March 17, 2017 — At most Supreme Court confirmation hearings, questions focus on hot-button social issues — abortion, affirmative action, same-sex marriage — and the hearings next week on Supreme Court nominee Neil Gorsuch will be no exception.
But senators are also likely to spend a lot of time examining the nominee’s views on federal regulations — of the environment, health and safety laws for workers, and laws on consumer rights and business.
In question is a doctrine that Gorsuch has criticized but that also once helped his mother.
The Chevron doctrine
The Chevron decision is perhaps the most cited case in American law. Decided unanimously in 1984, it established a general rule of deferring to an agency’s reasonable interpretation of a statute.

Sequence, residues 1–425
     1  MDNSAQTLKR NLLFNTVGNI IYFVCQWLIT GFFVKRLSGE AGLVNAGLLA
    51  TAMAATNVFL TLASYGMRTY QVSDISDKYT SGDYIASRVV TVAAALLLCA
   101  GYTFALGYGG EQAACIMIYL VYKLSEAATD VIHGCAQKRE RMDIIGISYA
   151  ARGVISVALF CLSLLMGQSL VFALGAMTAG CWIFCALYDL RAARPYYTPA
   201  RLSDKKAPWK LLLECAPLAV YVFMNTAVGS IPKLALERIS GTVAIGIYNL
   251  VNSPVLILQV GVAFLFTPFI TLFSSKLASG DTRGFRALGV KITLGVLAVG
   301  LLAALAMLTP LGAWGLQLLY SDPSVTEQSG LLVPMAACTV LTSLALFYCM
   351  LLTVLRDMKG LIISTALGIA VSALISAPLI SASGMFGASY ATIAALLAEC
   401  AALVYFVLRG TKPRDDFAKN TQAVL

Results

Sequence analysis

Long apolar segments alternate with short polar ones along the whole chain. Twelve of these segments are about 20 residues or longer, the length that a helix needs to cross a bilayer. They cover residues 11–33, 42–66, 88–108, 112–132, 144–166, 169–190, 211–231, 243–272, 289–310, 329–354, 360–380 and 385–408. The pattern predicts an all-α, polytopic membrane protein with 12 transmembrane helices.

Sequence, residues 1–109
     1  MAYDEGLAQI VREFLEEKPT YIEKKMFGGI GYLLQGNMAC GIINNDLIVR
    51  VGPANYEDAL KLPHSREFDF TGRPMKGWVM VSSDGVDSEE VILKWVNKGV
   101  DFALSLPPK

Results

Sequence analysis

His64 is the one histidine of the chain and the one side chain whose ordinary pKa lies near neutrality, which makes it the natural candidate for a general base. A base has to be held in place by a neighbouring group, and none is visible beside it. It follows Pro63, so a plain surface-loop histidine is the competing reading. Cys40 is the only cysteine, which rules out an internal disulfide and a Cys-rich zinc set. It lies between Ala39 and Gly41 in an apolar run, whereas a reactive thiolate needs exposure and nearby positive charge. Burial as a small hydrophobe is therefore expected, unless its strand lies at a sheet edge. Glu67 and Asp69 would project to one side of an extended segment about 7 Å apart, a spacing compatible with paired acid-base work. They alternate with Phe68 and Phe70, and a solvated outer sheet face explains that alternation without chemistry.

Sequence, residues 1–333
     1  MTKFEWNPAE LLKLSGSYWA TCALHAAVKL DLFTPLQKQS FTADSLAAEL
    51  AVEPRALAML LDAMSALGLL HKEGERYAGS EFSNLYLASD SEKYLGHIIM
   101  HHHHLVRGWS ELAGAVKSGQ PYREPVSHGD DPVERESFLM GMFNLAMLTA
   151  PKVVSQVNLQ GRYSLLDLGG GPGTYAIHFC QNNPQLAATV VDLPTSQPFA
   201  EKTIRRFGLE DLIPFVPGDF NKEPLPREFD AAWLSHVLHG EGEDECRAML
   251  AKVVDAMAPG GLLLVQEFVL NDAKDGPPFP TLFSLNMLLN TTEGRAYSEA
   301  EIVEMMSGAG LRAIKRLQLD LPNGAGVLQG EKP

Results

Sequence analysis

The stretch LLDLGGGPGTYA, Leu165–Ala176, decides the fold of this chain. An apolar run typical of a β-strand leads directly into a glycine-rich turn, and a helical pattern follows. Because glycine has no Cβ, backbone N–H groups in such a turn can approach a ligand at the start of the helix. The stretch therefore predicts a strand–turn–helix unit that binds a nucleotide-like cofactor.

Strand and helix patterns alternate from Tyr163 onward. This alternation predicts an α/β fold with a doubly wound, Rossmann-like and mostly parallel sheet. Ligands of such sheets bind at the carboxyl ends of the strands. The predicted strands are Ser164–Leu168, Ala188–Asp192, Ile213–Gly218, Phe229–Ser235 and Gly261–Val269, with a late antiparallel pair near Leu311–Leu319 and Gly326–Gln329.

The idea is that in passing a law, Congress sets out broad provisions and tells agencies that have considerable expertise to establish rules for carrying out the law’s mandates. In short, the agency is to fill in the details.
The Chevron case stems from the Reagan administration. When President Ronald Reagan took office in the early 1980s, the White House adopted more permissive rules for air pollution caused by manufacturing plants. The Natural Resources Defense Council sued the Environmental Protection Agency, then under the leadership of Anne Gorsuch, contending the agency had exceeded its authority.